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To honor the next 7 generations, Samish Indian Nation preserves culture, language by moving online during the epidemic

Word for word, the teacher shares the Sami terms needed to express the ancestral lineage.

Sná7:, Name. Buttermilkmom Man:Dad: Sila 7:, grandparents. ” Someone, grandfather and grandfather.

Together, “this is my grandmother.” nilh ne-síla7 siyá.

In March, learning the language of the ancestral lineages was just one of the lessons that the Samish Indian Nation now provides. tribal citizens through virtual learning. As the epidemic began last spring, the Anacortes-based tribe realized that COVID-19 would be here for a long time, and that the approach to its previous individual cultural lessons needed to change.

Last summer, Samish leaders said that after conducting their family business meetings virtually, they decided to try to transfer their cultural program online.

The Samish cultural programs called “Chelangen” preserve the traditions, culture and language of the Samish people. Samish CEO Leslie Eastwood said չելանգեն: is a rich, multidimensional word in the Sami language. “It’s about our history, it’s about all our traditional teachings. “It’s the ancestral body from which we inherit all that knowledge,” Eastwood said.

(Samish Language Program Manager Kelly Hall shows the ancestry of the Samish language ancestry.)

In addition to the ancestral language lesson, the tribe also offers a number of other lessons for Samish citizens. There is a famous Samish history class taught by the tribal leader, bead lessons, drum-making lessons, traditional medicine, blanket making, cedar harvesting, “chat-craft” and many more.

Tribe Eghi Efforts was recognized online in February by Lazerfiche with the Racial Innovation Award from Director of Information Technology R. R. Walters.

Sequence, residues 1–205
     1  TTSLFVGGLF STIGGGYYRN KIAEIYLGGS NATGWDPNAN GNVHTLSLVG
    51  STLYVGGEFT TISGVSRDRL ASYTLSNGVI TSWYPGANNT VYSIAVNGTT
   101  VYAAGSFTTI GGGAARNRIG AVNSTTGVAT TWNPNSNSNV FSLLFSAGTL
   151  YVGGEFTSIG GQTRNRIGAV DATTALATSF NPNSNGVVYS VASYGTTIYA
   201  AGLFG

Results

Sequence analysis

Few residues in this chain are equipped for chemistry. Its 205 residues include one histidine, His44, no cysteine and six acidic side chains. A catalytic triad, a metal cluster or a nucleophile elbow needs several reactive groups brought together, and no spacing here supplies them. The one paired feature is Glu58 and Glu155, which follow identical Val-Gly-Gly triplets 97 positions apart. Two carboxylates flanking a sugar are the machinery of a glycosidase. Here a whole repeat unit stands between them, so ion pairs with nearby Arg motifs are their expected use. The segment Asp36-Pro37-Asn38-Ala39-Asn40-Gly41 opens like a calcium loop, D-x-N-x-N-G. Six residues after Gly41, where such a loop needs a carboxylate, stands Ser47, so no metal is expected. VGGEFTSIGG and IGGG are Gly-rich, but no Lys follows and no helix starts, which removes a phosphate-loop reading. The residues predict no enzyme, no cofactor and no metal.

Tom Wutten, president of the Samish Indian tribe, said the transition of tribal elders հետ further loss of tribal knowledge increases the urgency for him to find a solution to the problem of social exclusion.

Tom Vuten, President of the Samish Indian Nation. (Samish Indian Nation)

“One of the important things for me was to share the history of the tribe with the citizens, because your grandparents, aunts and uncles may no longer be there to tell you the stories you need to put together so you know how to connect,” Vuten said. : “And so I see it, because as an elder, I have to share this information. Fortunately, through this media, I am able to do that.”

Since posting their lessons online in Chelangen, tribal leaders have found the shift to be somewhat of a “hidden blessing.”

The inhabitants of Samish are geographically dispersed. While many live in traditional tribal areas, including the western San Juan Islands and the surrounding area, Eastwood said most Samisans live in King County, with many other people across the country.

Online courses have united the citizens of Samish, and everyone can participate in it using their computer և Internet from anywhere in the world. Some citizens have attended online courses in Ontario, Canada, Barrow, Alaska, and the Arctic.

“If COVID-19 has a silver lining, it’s for us. “To be able to connect with people we have not been able to connect with before,” Vuten said.

Like many Native American tribes, the Samis are not unfamiliar with disease or disease.

“This COVID-19 is not the first epidemic our nation has been through,” Vuten said. “Small measles, measles, all of them arose through European contacts, settlement, it was destructive for our population.”

According to the tribe, in 1847 the Samish had thousands of members, but 12 years later the number of the tribe was in the hundreds.

Samish’s experience reflected the experience of Native Americans throughout America. A 2019 study by University College London found that American colonization wiped out 90% of Native Americans.

However, said Wutten, samish people are nothing but adaptable. “It simply came to our notice then [asset] is persistence. “Over the centuries, some really bad things have happened to us.” But he said, “We will be here from time immemorial.”

Through Chelangen, the tribe keeps its basic promise and principle, Eastwood said.

“I would just go back to the teaching we have; we are pretty close to each other,” Eastwood said. “It was thought of us seven generations ago. Those who are now doing business, making decisions, we had a spark in our hearts – the imagination of seven generations of ancestors.

“And we have the same responsibility that we have to think about seven generations ago. : I think we have this great responsibility [make sure we] Continue to make sure that strong traditions and teachings live on and spread. ”



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